The Time Is Now Poet Erica Dawson brings rap and religion to her oh-so-current work.


Poet Erica Dawson is aware of how her chosen form is viewed in the world at large.

“When a writer mentions they have written a novel, people ask where they can find the book,” Dawson says. “You tell someone you’re a poet, and they start to back away from you.”

Of course, for many readers, poetry has meant the school-required recitations of rhymed verse from dead white guys. In Dawson’s latest book, “When Rap Spoke Straight to God,” there are references to Lil’ Kim lyrics and tributes to Eve and other under-represented women in the Bible as well as recollections from Dawson’s own childhood.

Dawson was raised a Seventh-day Adventist, and there was “a lot of church a lot of the time,” she says.

The daughter of a cop and a government worker, the Howard County native also learned an appreciation for literature.

“We had way more reading time than TV time,” she says. This was encouraged by the young bibliophile’s mother, who introduced Dawson to Henry Wadsworth Longfellow, Edgar Allan Poe (“Every Maryland kid gets to know ‘The Raven’ very well”) and other poets. For her, the musicality of the form stuck — even though the poems themselves were from different times and writers who looked nothing like her.

Now the director of the University of Tampa’s Low-Residency M.F.A. in Creative Writing, Dawson began her literary career as an undergraduate at Johns Hopkins University and later earned an M.F.A. from Ohio State University and a Ph.D. from the University of Cincinnati. She started her studies with the hopes of becoming a novelist but found herself once again riveted by the “crystalized moments of poetry,” she says.

“I like the fact that you have to do a lot in a small amount of space,” she says. “You have to get in and get out quickly.”

But writing her current book was hardly a quick turnaround. Dawson, who likes to constantly one up her last effort, thought she would try something longer than the works included in her two previous books of poetry. Then another writer dared her to write a book-length poem.

“Once someone dares me, I’m going to do it,” she says.

(For the record, “book-length” means 52 pages, including “Acknowledgements.”)

She began the poem several years ago, but the 2016 elections and the racial and class divisions that became “palpable” in her current hometown of Tampa, Florida, “really started to fuel the project.” The book, in fact, is Dawson’s response. She admits the divisiveness started making her wonder, “Isn’t there supposed to be an ultimate creator who is protecting us?”

As current events inspire her writing, so do the current group of poets whose work is finding its way to book pages. Like Dawson, many of them are African-American, including our national poet laureate Tracy K. Smith and accolade-earning contemporaries such as Morgan Parker (“There Are More Beautiful Things Than Beyoncé”) and Ross Gay (“Catalog of Unabashed Gratitude,” a 2015 finalist for the National Book Award in Poetry).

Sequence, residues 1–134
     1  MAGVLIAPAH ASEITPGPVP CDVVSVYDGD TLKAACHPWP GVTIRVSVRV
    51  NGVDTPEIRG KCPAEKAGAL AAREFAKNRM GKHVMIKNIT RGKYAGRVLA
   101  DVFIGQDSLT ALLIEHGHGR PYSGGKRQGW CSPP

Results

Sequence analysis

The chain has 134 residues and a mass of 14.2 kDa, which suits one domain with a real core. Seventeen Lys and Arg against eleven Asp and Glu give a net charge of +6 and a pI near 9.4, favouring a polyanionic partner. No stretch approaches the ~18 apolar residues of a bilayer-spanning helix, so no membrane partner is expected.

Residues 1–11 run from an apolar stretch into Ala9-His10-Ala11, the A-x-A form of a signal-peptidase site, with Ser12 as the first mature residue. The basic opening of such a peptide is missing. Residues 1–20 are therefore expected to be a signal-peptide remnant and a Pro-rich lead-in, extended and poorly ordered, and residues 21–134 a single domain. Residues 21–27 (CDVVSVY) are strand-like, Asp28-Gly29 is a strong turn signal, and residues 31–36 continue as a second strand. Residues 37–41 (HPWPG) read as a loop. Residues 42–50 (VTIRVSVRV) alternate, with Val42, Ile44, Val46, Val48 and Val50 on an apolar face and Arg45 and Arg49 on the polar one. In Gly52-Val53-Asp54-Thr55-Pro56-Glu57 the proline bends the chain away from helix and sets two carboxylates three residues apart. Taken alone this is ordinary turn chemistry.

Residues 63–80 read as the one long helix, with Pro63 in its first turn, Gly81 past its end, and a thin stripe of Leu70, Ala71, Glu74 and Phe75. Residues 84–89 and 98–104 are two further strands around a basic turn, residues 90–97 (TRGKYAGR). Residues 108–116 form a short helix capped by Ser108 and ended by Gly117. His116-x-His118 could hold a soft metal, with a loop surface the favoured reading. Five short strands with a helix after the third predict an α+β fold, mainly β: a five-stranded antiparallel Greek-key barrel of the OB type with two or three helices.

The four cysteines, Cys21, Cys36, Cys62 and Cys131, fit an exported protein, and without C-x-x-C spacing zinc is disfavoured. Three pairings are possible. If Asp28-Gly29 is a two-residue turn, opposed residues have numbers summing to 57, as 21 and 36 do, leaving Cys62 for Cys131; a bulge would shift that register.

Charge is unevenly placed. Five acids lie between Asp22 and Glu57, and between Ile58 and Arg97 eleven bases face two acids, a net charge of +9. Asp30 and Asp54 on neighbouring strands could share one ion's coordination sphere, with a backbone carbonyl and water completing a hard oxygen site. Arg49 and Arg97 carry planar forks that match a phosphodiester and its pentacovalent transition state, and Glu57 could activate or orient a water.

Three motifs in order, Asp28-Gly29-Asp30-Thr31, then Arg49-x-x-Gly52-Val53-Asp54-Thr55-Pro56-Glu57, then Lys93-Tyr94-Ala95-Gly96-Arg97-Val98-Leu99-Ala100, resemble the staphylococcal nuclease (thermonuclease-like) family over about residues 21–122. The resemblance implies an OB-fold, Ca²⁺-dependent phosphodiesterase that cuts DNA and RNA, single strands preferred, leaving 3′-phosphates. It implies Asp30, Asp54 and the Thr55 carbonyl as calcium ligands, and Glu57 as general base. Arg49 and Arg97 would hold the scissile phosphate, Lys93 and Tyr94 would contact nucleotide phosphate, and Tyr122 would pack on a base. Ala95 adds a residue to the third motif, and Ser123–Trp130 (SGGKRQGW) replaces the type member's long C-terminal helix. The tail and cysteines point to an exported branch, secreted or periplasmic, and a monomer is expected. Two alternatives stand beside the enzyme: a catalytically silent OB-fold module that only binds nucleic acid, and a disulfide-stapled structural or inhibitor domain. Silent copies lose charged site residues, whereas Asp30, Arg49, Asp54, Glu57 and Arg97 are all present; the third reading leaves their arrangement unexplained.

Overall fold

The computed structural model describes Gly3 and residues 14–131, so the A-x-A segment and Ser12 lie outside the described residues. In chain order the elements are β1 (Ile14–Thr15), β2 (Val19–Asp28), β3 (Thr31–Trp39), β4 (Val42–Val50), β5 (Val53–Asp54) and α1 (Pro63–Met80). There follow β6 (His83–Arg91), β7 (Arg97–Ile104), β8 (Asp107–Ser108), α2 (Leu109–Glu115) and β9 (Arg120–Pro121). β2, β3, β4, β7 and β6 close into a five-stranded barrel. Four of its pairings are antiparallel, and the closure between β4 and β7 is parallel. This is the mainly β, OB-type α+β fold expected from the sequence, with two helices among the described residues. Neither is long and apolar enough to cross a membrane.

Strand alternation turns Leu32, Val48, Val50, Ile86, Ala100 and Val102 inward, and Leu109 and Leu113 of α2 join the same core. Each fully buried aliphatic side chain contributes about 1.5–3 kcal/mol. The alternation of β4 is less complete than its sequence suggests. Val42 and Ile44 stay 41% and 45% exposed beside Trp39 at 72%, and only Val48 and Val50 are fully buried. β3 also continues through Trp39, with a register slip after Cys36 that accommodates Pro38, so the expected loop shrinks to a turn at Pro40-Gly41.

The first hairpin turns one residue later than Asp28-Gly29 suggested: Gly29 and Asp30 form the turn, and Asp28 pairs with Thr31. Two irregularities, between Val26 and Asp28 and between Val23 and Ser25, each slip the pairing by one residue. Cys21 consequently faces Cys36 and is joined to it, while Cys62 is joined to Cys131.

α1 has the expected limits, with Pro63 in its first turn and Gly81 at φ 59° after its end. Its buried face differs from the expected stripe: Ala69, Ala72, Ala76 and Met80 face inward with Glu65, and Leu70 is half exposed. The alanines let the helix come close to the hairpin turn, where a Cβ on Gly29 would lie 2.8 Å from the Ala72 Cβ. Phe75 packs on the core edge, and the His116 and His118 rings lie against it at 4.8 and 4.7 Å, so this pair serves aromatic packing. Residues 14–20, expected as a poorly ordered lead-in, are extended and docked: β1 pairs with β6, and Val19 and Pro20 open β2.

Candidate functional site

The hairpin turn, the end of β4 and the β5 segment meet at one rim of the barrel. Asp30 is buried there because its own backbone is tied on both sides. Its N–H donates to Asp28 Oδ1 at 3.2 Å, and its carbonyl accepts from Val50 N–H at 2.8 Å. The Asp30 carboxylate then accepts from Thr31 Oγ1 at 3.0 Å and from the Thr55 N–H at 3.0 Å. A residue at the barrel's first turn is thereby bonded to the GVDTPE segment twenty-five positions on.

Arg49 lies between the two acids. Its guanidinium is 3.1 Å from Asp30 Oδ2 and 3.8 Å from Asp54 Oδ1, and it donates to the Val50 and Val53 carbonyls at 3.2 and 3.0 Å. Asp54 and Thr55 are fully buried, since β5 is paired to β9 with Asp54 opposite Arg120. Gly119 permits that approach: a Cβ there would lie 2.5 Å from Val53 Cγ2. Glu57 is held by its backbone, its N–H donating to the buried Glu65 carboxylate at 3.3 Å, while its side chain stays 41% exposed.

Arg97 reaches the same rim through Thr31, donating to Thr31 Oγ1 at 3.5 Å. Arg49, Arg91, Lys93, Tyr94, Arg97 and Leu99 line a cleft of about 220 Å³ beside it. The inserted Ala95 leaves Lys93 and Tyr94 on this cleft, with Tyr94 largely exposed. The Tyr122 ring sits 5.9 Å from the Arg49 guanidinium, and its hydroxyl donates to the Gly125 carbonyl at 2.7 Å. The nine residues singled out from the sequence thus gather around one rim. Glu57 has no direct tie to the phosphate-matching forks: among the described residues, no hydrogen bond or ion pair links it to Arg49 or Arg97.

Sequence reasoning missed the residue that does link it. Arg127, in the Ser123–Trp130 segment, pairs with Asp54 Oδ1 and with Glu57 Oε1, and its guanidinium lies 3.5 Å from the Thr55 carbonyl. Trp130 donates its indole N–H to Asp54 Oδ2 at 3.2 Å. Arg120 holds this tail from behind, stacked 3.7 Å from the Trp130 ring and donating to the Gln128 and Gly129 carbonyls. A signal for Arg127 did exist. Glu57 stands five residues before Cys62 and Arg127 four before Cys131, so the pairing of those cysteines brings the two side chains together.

“It absolutely feels like a moment, and it feels like a necessary moment,” Dawson says. “Not that there hasn’t been a space, but now it’s important to put minority voices out there and hear from all kinds of people in all kinds of places. … It’s time for us to make sure we are being heard. We have things to say. … I feel lucky to be a small part of it.”

Dawson also admits to feeling optimistic about poetry and technology, despite being an “old school” writer who pens her initial drafts on legal pads and is someone who does not own an electronic reader. She is inspired by the fact that her students can find poetry online — and from a diverse mix of poets, too. This will help to break down the barriers between readers and poets, and help poetry lose its exclusive reputation, she says.

“It makes me happy that there is such an internet presence for poetry,” she says.

What’s next for the writer? A break. After Dawson wrote her first book, she immediately started her second. That approach didn’t work for her.

“I was in a hurry. I was like, ‘OK, I’ve done this once, I’ve got to do it again,’” she says. “That got me nowhere.”

Now that her third book is on shelves, Dawson says want to “let my brain relax for a bit” and experience life before she tackles another writing project.

After all, she says, “that’s what grows a poem.”

3 to Read:

  • “Wade in the Water,” Tracy K. Smith – The most recent book from our nation’s poet laureate is “mind blowing,” Dawson says. “It’s one of those things where you don’t understand how that kind of art can rise up out of a person.”
  • “American Sonnets for My Past and Future Assassin,” Terrance Hayes – This poet is “magical all the time,” Dawson says.
  • “Junk,” Tommy Pico – What Dawson describes as a “wild ride” is the third book from this Native American poet and one of NPR’s most anticipated books of 2018.



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